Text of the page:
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Speed of a Travelling Wave

  • Last Updated : 29 Jul, 2021
Geek Week

In general, almost every material and object on earth has elastic binding forces. When the body is compressed or released, these elastic forces start acting and the motion of one part of the system affects other parts. Thus, the motion of one part of the system affects the other parts of the system too, thereby creating a disturbance that travels through the whole system in the form of a wave. For example, whenever pebbles are thrown in the water, waves are generated, and they travel in all directions. The objective here is to study these travelling waves and understand them better. 

Waves

Waves are actual disturbances that move without the actual transfer of matter. These waves transport energy and the pattern of disturbance has information that propagates from one point to another. All the communications in our daily lives such as – phone signals, internet are actually waves of information that travel through different mediums to reach the users. These waves can be classified into two different categories on the basis of their way of propagating – 

Transverse Waves – The particles of the medium oscillate perpendicular to the direction of motion of the wave. 

Longitudinal Waves – The particles of the medium oscillate along the direction of propagation of motion of the wave. 



Velocity of a Wave

Since the particles of the medium perform to and fro oscillation in the wave, these waves can be described mathematically in terms of trigonometric functions similar to simple harmonic motions (SHM). For convenience, the wave is considered to be a transverse wave, so that if the position of the constituents of the medium is denoted by x, the displacement from the equilibrium position can be denoted by y. Then, the sinusoidal wave can be represented by, 

y(x, t) = Asin(kx – ωt)

Assume that the wave retains its shape as it moves. For a fixed point, the wave must have a constant argument to the sinusoidal function. Thus, 

kx – ωt = constant

Therefore, differentiating it with time to find out the velocity. 

\frac{d}{dt}(kx  - ωt) = \frac{d}{dt}(constant) \\ = k\frac{dx}{dt} - \omega = 0 \\ = \frac{dx}{dt} = \frac{\omega}{k}

This equation represents the speed of the travelling wave. Let’s consider some special cases, 



Speed of a transverse wave on a stretched string 

In the case of a stretched string, the speed of the wave depends upon two factors – linear mass density per unit length and tension of the string. Linear mass density per unit length is defined as the mass per unit length for the string.  Assuming that the tension in the wave is “T”. Then, the speed of the wave is given by,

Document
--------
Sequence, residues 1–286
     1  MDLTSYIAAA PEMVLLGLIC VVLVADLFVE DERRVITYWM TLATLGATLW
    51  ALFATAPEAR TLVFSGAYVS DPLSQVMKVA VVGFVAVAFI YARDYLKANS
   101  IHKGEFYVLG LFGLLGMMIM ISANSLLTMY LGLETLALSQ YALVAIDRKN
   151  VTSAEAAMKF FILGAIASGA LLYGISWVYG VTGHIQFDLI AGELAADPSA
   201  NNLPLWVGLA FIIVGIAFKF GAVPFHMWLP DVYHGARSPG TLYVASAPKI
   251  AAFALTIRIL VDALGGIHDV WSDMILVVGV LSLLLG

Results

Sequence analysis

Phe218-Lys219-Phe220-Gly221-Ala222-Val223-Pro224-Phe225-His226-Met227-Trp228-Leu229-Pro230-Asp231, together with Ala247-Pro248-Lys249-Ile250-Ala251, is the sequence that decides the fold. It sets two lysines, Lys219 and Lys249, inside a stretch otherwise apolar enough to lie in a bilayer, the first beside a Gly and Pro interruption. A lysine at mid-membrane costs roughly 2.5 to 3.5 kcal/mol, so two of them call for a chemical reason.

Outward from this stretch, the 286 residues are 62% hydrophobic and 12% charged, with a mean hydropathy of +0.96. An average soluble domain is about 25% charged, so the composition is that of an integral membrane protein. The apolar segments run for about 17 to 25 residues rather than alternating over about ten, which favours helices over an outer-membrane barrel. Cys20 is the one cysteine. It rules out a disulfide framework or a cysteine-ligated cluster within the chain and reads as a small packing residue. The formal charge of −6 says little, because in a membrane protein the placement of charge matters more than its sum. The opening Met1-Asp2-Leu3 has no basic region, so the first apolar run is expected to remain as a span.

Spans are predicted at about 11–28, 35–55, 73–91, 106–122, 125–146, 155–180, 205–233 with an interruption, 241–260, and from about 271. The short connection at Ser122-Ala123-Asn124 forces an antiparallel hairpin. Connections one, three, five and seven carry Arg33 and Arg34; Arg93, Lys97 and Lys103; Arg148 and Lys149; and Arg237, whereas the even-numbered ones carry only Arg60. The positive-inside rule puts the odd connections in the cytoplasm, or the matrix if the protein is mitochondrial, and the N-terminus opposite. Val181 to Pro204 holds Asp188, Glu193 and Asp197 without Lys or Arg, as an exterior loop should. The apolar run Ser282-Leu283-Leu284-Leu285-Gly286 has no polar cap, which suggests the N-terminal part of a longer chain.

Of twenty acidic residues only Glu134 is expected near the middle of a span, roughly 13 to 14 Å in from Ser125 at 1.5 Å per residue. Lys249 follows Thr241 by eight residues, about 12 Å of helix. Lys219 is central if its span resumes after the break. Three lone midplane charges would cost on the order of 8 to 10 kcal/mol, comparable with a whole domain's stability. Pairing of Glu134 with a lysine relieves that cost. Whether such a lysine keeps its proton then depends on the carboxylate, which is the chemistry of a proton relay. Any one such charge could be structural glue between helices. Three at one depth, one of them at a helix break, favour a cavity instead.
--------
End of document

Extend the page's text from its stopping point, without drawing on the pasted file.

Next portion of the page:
v = \sqrt{\frac{T}{\mu}}

Speed of the sound wave in the air

It is known that sound travels in the form of compressions and rarefactions in the air. The property which determines the extent of compression and rarefactions in any medium is called Bulk Modulus(B). It is given by, 

 B = - \frac{\Delta P}{\frac{\Delta V}{V}}

The above term represents how much change is volume is there on changing pressure at a finite value. The  \frac{\Delta V}{V}    represents the fractional change in the volume on changing the pressure by \Delta P

Therefore, the speed of the sound while travelling in a medium is given by, 

v = \sqrt{\frac{B}{\rho}}

Where rho, represents the density of the medium. 



Sample Problems

Question 1: Find the medium in which the waves will travel faster: 

(1) H₂

(2) N2

(3) He

(4) O2

Answer: 

The speed of the wave travelling in a medium is given by,

v = \sqrt{\frac{B}{\rho}}

Notice that the speed of the wave is inversely proportional to the density of the medium. 

Out of all the given options, the molecular mass of H₂ is the least for the equal volumes of gases. Thus, density for this medium is the least. 

Therefore, the waves will travel fastest in the H₂

Hence, answer is (1). 

Question 2: Find the speed of the wave travelling a stretched string of tension T = 50N and mass density of 500g/m. 

Answer:

The speed of the wave traveling in a string is given by, 

v = \sqrt{\frac{T}{\mu}}

Here, T = 50N and μ = 500g/m. 

Substituting the values in the equation, 

v = \sqrt{\frac{T}{\mu}}

⇒ v = \sqrt{\frac{50}{0.5}}



⇒ v = √100 

⇒ v = 10 m/s. 

Question 3: Find the speed of the wave traveling a stretched string of tension T = 100N and mass density of 2Kg/m. 

Answer:

The speed of the wave traveling in a string is given by, 

v = \sqrt{\frac{T}{\mu}}

Here, T = 100N and μ = 2kg/m. 

Substituting the values in the equation, 

v = \sqrt{\frac{T}{\mu}}

⇒ v = \sqrt{\frac{100}{2}}

⇒ v = √50 

⇒ v = 5√2 m/s.

Question 4: Find the speed of the wave traveling in a medium whose bulk modulus B is  1.01 × 105 N/m2and density is 1.29 Kg/m3

Answer:

The speed of the wave travelling in a medium is given by,

v = \sqrt{\frac{B}{\rho}}     

Here, B = 1.01 × 105 N/m2 and ρ = 1.29kg/m. 

Substituting the values in the equation, 

v = \sqrt{\frac{B}{\rho}}

⇒ v = \sqrt{\frac{1.01 \times 10^5}{1.29}}



⇒ v = 280 m/s

Question 5: Find the speed of the wave travelling in a medium whose bulk modulus B is 6 × 106 N/m2and density is 1.5 Kg/m3

Answer:

The speed of the wave travelling in a medium is given by,

v = \sqrt{\frac{B}{\rho}}     

Here, B = 6 × 106 N/m2 and ρ = 1.5 kg/m. 

Substituting the values in the equation, 

v = \sqrt{\frac{B}{\rho}}

⇒ v = \sqrt{\frac{6 \times 10^6}{1.5}}

⇒ v = 400 m/s

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